See a curious account in Morhof's Polyhistor, of Clenard's method of teaching Latin by lively and sportive conversation, translated by me in my article "on the teaching of languages."—Foreign Quarterly Review, No. LIX., p. 170.

page 16 nish his grey Philology, which speaks only to the ear and the understanding, he will call in the aid of various-visaged Archaeology, which speaks principally to the eye. By means of drawings, plans, and vivid imaginative descriptions, he will bring the many-coloured life of the Greeks and Romans bodily before the eye of the modern student.* The eye of a boy—unless it be dulled by long-continued groping through Latin dictionaries—is naturally quick and eager. The teacher should provide food meet for it. Again, in order to excite the pupil's interest in what is past, the teacher should omit no opportunity of connecting it with the present. In teaching ancient geography, for instance, he ought not to cram the boy's memory with obsolete names only, but he must bring strikingly before the young imagination the glowing features of Nature, as they exist now in the regions known by those storied designations. A classical teacher, when he can afford it, ought to travel, and see the present state of those countries of which he has to speak so much. "When I was at Babylon, and stood upon the tower of Belus"—dropt accidentally from a professorial mouth, will cause a pricking in the heels of the dullest boy, and make him limp through his Curtius for the moment, with a less painful feeling of lameness. The young have a strong appetite for reality; and the teacher who does not make use of that appetite is not wise.
But the great advantage of teaching languages by means of objects or pictures of objects, is, that this is the only method which immediately and effectively breaks the scholar from the evil habit of continuing to think in his

* Fabulas et apologos hoc discet libentius ac meminerit melius, si horum argumenta scite depicta pueri oculis subjiciantur, et quicqaid oratione narratur, in tabula demonslretur.— Erasmus.

Quod judicabit maxime gratum pueris, maximeque cognatum et amabiley ac, ut ita dicam florulentum, id potissitnum magister propona.— Erasmus.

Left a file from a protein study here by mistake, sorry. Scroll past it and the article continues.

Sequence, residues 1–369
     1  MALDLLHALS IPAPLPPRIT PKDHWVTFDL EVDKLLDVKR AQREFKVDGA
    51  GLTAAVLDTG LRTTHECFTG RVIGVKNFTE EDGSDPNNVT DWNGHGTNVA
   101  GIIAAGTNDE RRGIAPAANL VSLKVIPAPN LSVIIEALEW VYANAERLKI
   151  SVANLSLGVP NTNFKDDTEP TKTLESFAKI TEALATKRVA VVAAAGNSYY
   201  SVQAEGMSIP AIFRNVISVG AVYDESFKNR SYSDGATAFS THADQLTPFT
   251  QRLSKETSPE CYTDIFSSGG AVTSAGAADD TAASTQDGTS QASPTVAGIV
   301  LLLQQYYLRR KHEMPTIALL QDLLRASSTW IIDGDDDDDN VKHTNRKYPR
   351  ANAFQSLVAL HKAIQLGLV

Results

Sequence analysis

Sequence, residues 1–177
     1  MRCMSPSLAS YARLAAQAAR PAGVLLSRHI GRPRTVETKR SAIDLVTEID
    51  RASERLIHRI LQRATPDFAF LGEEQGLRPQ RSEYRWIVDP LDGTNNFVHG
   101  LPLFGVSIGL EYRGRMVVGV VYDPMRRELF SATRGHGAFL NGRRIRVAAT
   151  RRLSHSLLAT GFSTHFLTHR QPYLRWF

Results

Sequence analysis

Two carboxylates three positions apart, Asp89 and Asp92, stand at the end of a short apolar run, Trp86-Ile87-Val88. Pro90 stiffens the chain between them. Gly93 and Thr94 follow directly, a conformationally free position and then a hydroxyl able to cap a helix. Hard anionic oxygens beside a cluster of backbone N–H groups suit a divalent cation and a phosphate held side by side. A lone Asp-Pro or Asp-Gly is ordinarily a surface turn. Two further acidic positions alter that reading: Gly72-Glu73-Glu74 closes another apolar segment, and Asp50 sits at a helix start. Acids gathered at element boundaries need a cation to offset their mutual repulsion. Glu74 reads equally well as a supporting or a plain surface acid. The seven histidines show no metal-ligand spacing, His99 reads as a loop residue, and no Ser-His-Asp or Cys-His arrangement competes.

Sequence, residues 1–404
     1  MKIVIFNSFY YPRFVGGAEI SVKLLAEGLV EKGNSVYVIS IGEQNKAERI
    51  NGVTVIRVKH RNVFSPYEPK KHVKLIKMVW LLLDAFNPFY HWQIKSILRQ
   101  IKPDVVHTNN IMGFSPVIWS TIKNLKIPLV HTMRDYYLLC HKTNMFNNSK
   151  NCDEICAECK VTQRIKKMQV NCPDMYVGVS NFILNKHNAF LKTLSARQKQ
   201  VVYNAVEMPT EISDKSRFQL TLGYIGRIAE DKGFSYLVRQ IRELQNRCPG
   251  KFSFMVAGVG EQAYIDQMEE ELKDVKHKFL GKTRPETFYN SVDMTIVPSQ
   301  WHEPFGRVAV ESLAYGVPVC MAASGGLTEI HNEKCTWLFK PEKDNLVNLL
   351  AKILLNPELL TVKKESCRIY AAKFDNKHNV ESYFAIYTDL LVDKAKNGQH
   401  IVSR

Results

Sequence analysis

page 17 mother tongue, while he is studying, or assuming the attitude of studying, a foreign one. According to the method of Nature, the student of language, from the very first hour of his education, begins to form a living habit of associating such and such familiar objects, directly with such and such recurring sounds; whereas, according to our common school methods, a new language is too frequently acquired only through the intervention of the mother tongue, which, pre-occupying the train of thought, renders it a cumbrous and painful operation for the organs of speech, when required to perform their proper function, in reference to the new language. This is not merely an evil thing in itself, by preventing the accomplishment of ready expression in a language which the student may otherwise well understand; but it acts as a positive bar to the easy and frequent iteration of the vocables once received into the ear; and, of course, becomes a powerful and constantly acting cause in retarding the young linguist's progress. Every Professor in a Scottish University must, I am sure, have made the observation—how slow even good students often are in giving the Latin extempore for some of the most common English words; their learning is seldom forthcoming at the call; they have to go and hunt for it. Nor is this strange. For the fact is that, during five years of a course of grammar, though they may have been taught to apply the rules expertly, they have never been taught to use the language; they have been accustomed to make a laborious search for it always through strange English idioms, and perplexing dictionaries. Now, this evil is at once cured, if the classical teacher, instead of sticking like a limpet to his Accidence, and working always pedantically through books, will, on the very first day of a Latin course,' start with the direct naming and pointing out of any interesting objects or pictures of objects that may command the eye of the scholar. For this exercise the mother tongue does not require to be used either by teacher or learner; for the page 18 teacher has merely to name the thing in Latin, and the learner has, in the first place, merely to repeat the sound accurately; afterwards, short sentences will readily be made, describing first one part of the object, and then another, till the scholar shall be able, without the precedent of the master, and without ever thinking of an English phrase, to pour forth a full and free description of the whole object, in elegant and idiomatic Latinity. In this manner the ear will be daily and hourly besieged by the sounds of the foreign idiom, coming directly from the tongue of the teacher with all the fresh and plastic power of a vernacular; and the tongue will have daily and hourly practice in the pleasant art of playing with a new instrument. Only it requires a dexterous and lively instructor to use this method effectively—an accurate man too, and a man of a certain amount of honesty, and moral courage. A clumsy fellow and a coward, or a shallow pretender—such as too many of our teachers have been—need never attempt it.